Our internet service has been down since Saturday evening, and my only pre-occupying thought concerning its absence has honestly been, “So what am I missing?”
It hasn’t been particularly inconvenient to cinch up local plans by phone. The news is in terminal re-run season anyway, and I could follow it weekly in a WiFi café and be just as uninformed. I don’t do games and I don’t look at videos or You-tube. My disinterest/dislike/avoidance of social networking sites would be legendary, but no one who’s not on any social networking sites stands much chance of becoming a legend, so my sentiments are secure in their obscurity. I admit to having a terrestrial life.
The news hadn’t been very interesting when I borrowed the Virgin account stick my husband uses at his office, and which he could use at home. Before our service went down, I was sufficiently caught up to wonder what nefarious things lurked behind the smokescreen of national scandal. Washington DC outclassed Hollywood slightly, featuring interesting, educated characters with a lot to lose, in an otherwise trite and tawdry plot.
I’m writing this a little after 8 a.m. and will launch it this evening, when my husband comes home with a hotspot device, our return ticket to internet space.
Revision: My husband is home. He has the hotspot device and four cases of cat food from Wal-Mart. The cat food is a hit. T-mobile incorrectly claims to provide hotspot service in our area. They do not; we cannot connect. It works in town, at my husband’s office. I have inherited the Virgin stick.
I can’t deceive myself into thinking we can live a brave new terrestrial life. We’ve come too far. We have family and friends in space—they think they’re terrestrials too, just like we do—and circumstances are providentially ordered in ways that would make ground time together more impracticable than I like to contemplate.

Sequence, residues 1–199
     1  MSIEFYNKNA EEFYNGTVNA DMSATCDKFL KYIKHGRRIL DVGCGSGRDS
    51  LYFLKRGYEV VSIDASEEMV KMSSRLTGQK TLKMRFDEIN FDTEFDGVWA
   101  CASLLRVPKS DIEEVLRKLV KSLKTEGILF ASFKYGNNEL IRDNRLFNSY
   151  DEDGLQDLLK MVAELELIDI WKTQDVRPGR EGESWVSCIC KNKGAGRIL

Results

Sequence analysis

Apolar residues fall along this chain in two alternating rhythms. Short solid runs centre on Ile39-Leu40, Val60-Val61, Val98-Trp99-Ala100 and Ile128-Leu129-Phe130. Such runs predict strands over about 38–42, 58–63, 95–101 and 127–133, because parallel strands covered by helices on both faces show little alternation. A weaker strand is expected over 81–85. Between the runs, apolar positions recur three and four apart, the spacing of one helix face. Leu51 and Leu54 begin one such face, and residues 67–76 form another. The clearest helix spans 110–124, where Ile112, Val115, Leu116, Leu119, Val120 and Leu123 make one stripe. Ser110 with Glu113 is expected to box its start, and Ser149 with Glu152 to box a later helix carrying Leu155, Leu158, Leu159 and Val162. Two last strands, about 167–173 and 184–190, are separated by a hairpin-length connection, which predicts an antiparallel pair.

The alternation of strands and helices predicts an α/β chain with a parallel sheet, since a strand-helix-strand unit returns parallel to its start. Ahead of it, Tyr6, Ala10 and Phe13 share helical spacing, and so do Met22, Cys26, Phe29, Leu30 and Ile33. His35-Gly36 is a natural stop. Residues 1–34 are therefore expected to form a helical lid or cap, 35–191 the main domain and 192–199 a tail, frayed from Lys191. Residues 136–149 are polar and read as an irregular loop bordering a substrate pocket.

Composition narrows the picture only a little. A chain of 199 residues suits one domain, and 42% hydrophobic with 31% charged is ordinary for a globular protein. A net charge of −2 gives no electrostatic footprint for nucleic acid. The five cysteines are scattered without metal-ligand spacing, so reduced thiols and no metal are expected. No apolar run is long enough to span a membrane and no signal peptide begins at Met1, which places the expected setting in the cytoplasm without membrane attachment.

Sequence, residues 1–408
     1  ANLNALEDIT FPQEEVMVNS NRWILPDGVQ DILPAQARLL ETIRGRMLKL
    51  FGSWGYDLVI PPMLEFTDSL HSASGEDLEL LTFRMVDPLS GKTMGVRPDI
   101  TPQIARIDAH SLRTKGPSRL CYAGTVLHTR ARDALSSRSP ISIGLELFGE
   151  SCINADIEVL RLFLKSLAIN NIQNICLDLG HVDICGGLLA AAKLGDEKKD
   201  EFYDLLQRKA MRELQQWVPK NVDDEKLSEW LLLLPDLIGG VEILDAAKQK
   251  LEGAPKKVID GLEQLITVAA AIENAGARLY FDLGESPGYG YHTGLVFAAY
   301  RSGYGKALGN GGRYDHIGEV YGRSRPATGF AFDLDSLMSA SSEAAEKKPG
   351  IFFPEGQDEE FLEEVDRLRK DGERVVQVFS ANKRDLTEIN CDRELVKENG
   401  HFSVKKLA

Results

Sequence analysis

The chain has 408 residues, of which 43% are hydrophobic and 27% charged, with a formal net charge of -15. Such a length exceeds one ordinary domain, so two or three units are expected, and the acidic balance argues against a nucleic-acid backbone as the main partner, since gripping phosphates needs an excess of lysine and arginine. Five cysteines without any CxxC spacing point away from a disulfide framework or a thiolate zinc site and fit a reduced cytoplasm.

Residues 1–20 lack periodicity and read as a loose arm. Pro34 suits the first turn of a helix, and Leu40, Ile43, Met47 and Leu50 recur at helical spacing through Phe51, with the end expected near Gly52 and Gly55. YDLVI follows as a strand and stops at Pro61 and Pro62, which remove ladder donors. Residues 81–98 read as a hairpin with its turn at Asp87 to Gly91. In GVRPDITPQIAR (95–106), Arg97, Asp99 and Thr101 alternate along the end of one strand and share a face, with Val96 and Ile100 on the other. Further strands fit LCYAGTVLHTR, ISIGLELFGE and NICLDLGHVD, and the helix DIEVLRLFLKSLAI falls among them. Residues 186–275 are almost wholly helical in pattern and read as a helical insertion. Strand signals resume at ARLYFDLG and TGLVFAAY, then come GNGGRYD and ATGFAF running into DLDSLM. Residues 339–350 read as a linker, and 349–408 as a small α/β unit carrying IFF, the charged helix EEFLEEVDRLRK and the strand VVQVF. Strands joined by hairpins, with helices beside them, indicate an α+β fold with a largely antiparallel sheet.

We’re bravely parting ways with our unlimited-use plan—though de facto it is limited by a tower’s disability, resulting in zero use—for a limited-use plan, since we use so little. Our now erstwhile ISP, Clear, apologetically confessed it had no clue when or whether a tower repair would restore our service. They were so sorry for the inconvenience. The modem lights blink and blink.
My husband told one Clear customer service rep—I think she was in Thailand—that we could see the tower from where we were, and that perhaps we could bring the crew some coffee. He was joking of course; there was no crew on the tower. I scanned the offline horizon with binoculars. She didn’t get it, but she was so very sorry. She knew how we felt. After three days, we were less and less sorry. It was an amicable termination of service, the Clear people professing much sorryness.
I honestly thought I was more of an internet junkie. But the steady-state doldrums of the news have ceased to be awfully riveting. I have enough books in my Kindle to last, assuming my reading pace would remain constant, an average of 26.583 earth years. I could live without Amazon. But not for long, because, while I don’t need to order books, I actually order a lot of my food from Amazon. Another inconvenience to an internet-free life would be certain household financial routines, an alarming number of which can be accessed only in internet space. I would need to go online to get their phone numbers, which in turn would probably lead to a whole new trail of sorryness.
Skype remains essential, but now that my granddaughter is 15 months old, she’s commandeering my daughter’s iPad and panning the room in a vertiginous big-screen spectacular featuring an upside-down bird’s-eye view of the underside of her nose. She’s just marvelous!